Courtesy Reuters

Riding for a Fall


President George W. Bush has called terrorism the United States' greatest national security threat since World War II and has declared that the war on terrorism must be waged "for years and decades, not weeks or months." Most Americans agree with this assessment and with the need to pay whatever price is necessary to wage this war. But what is the price? And how will the United States pay for it?

It now seems nearly certain that the aging of America's population--which would pose a massive fiscal challenge over the next few decades itself--will unfold in an era of large additional commitments to our national security agenda. Two other issues, in addition to security costs, require attention because of their profound connections both to U.S. national security and to U.S. fiscal and economic performance: the United States' growing financial dependence on foreigners, and the extreme aging overtaking the rest of the developed world.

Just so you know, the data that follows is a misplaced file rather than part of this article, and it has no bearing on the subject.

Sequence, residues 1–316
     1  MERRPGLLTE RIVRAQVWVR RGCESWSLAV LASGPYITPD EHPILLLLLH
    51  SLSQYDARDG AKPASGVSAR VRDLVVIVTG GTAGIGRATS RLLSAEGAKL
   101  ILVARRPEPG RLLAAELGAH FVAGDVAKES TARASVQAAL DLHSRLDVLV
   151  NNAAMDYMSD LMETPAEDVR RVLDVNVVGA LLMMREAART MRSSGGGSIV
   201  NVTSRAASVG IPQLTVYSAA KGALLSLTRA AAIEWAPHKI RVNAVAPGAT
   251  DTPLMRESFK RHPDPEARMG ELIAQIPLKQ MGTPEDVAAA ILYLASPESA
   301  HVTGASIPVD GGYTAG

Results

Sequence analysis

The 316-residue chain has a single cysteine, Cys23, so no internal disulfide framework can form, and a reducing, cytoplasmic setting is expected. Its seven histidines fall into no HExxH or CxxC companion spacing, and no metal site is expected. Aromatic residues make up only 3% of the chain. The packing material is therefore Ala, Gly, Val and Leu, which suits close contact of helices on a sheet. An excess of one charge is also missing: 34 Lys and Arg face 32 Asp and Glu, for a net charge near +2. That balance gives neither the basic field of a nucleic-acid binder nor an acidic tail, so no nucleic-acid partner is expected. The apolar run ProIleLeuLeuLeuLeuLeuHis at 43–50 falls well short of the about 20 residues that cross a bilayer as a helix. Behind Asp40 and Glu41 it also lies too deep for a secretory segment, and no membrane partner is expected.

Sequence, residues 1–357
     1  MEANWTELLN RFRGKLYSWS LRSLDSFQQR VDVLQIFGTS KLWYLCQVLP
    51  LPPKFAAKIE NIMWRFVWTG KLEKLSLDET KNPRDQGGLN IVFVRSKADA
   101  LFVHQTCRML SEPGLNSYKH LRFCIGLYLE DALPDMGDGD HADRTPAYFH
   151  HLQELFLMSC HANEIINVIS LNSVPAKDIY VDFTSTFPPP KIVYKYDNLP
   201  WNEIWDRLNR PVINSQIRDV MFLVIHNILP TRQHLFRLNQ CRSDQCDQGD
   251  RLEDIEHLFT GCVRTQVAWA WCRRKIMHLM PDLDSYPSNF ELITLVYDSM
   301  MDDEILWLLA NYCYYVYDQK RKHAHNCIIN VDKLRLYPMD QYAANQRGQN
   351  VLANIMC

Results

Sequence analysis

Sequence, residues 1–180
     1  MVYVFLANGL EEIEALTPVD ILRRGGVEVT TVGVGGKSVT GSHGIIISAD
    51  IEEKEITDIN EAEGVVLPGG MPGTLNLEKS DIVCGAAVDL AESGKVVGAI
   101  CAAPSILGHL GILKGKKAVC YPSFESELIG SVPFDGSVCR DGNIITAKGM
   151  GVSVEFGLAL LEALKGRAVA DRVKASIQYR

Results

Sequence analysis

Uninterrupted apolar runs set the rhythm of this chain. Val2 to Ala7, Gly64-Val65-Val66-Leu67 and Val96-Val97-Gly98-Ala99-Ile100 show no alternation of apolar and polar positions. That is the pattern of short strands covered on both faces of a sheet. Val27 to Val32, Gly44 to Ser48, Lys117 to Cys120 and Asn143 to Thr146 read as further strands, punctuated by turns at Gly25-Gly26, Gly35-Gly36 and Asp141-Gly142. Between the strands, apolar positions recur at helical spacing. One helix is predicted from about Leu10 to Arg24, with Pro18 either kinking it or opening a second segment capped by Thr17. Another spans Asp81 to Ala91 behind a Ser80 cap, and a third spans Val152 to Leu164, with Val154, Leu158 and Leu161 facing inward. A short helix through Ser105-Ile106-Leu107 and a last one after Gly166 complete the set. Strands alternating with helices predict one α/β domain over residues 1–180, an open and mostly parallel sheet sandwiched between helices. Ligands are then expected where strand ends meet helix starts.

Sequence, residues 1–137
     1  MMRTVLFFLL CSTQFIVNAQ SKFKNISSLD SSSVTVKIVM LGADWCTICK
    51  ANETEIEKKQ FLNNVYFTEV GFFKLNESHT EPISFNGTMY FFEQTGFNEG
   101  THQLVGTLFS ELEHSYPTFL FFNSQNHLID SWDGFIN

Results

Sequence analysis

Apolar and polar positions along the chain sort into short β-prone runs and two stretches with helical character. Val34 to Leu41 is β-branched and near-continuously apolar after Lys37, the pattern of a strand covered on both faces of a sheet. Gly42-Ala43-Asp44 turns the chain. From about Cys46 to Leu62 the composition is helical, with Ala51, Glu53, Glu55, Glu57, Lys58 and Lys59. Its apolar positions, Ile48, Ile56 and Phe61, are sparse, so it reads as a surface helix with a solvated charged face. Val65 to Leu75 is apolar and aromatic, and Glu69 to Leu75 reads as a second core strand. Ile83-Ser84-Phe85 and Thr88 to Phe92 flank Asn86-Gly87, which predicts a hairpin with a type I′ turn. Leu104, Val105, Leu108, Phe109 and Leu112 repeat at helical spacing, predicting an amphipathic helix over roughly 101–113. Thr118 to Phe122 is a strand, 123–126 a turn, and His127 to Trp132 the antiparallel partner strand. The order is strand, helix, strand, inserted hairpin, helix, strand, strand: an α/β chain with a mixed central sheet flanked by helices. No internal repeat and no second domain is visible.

To paraphrase the poet John Donne, no nation is an island, least of all a superpower with such manifest responsibilities as the United States has in a newly dangerous world. But to commit America to a broader role while remaining blindly ignorant of the ultimate cost of doing so is sheer folly. Clearly, there are long-term tradeoffs to be faced: between economic security and national security, between retirement security and national security, and between today's taxpayers and tomorrow's taxpayers. As yet, however, the leaders of the two major political parties have hardly mentioned these tradeoffs, much less discussed them seriously. When it comes to the long-term fiscal and economic future, U.S. leaders are mute not only on domestic challenges but on global challenges too.


In September 2003, with bombs still raining down on Baghdad, President Bush made an emergency war-spending request for $87 billion. It was the largest such request since the opening months of World War II. The cost details arriving from the battlefield

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